Figure 2. Overall weed control ratings from five large-plot nut orchard trials in 2013 and 2014. Weed control was evaluated approximately monthly after an “A” timing in December or January; some treatments also had a “B” timing in March. Data are averaged over diverse sites including a Davis site dominated by winter grasses; two Wasco sites with junglerice and fleabane; Delhi with fleabane, geranium, and bluegrass; and Escalon with mixed grasses and broadleaves. The success of any treatment was largely dictated by the weed spectrum at that location, rainfall pattern following application, and the previous level of weed control at the site.

The primary drawback to preemergence herbicides is that they must be incorporated into the top layer of soil where weed seed germinate, usually by rain or irrigation. With most of the commonly used preemergence materials, ¼ to ½ inches of water is recommended within a few weeks of the application for best results. However, even in 2013-2014 drought conditions, many of the preemergence herbicides worked surprisingly well despite several weeks on the soil surface with minimal incorporation. To maximize the impact of preemergence herbicides in the weed management program, consider a short irrigation set, if possible, if rain is not forecasted.

Tank Mixing and Sequential Applications. Use tank mixes or sequential herbicide applications to broaden the spectrum of weeds controlled and to reduce selection for resistant populations. Tank mixes can take several forms: preemergence and postemergence herbicides to control emerged weeds and provide residual control; combining herbicides with activity on grasses with other materials with broadleaf activity; or combining material with different modes of action but overlapping activity on weeds of concern for developing resistance (Table 1).

Table 1. Selected weed control evaluations from 2013-14 comparison of Alion and other preemergence tankmix and sequential partners in an almond orchard near Escalon, CA. All treatments included a high rate of Rely 280 and Roundup Powermax to ensure good control of existing weeds.

Manage Your Middles. Think about how you’ll manage vegetation in the “middles”. Many tree nut producers use strip applications of herbicides in the tree row and less intensive management of the vegetation in the “middles”, often mowing several times in the season followed by an herbicide treatment prior to harvest. This approach can work very well, but if the vegetation in the middles is made up of the same weeds you fight to control in the strips, the middles may be a continued source of weed seed in the strips. Weedy vegetation that is allowed to mature, even if repeatedly mowed in the middles, can be very difficult to control with herbicides later. For example, both hairy fleabane and three-spike goosegrass are very difficult to control with any available postemergence herbicide once they reach a reproductive stage. Light tillage, full floor herbicide treatments, and cover crops may all be options to consider for reducing weed problems in the middles. With the recent drought, weed management in orchard middles has been a recurring topic of discussion due to the water used by the weeds.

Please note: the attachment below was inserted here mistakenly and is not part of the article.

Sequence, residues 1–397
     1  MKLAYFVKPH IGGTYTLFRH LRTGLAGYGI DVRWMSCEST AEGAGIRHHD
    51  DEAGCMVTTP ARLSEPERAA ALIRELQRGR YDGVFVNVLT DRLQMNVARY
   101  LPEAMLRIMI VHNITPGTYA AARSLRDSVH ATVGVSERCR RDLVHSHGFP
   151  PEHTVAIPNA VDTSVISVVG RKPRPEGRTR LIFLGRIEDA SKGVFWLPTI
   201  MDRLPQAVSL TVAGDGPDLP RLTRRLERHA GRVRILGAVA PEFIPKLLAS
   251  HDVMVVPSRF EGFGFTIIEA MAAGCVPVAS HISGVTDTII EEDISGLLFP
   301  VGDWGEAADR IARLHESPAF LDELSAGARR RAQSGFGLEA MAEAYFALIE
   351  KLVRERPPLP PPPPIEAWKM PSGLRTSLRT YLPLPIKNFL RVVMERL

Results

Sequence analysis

Follow Up. Follow up during the year with field scouting and cleanup operations. Any effective weed management program should be built on data, whether that data is actual weed counts and ratings or a manager’s mental assessment after walking or driving through the orchard multiple times during the season. Integrated weed management is not a once-and-done decision for an orchard; instead it should be fine-tuned based on what is working (or not) and what new problems are coming into the orchard. Additionally, field scouting provides an opportunity to identify and manage problems such as new species or suspected herbicide resistance while the problem is small and localized. Timely spot treatments or hand labor at the beginning of a problem could save a great deal of effort and expense later.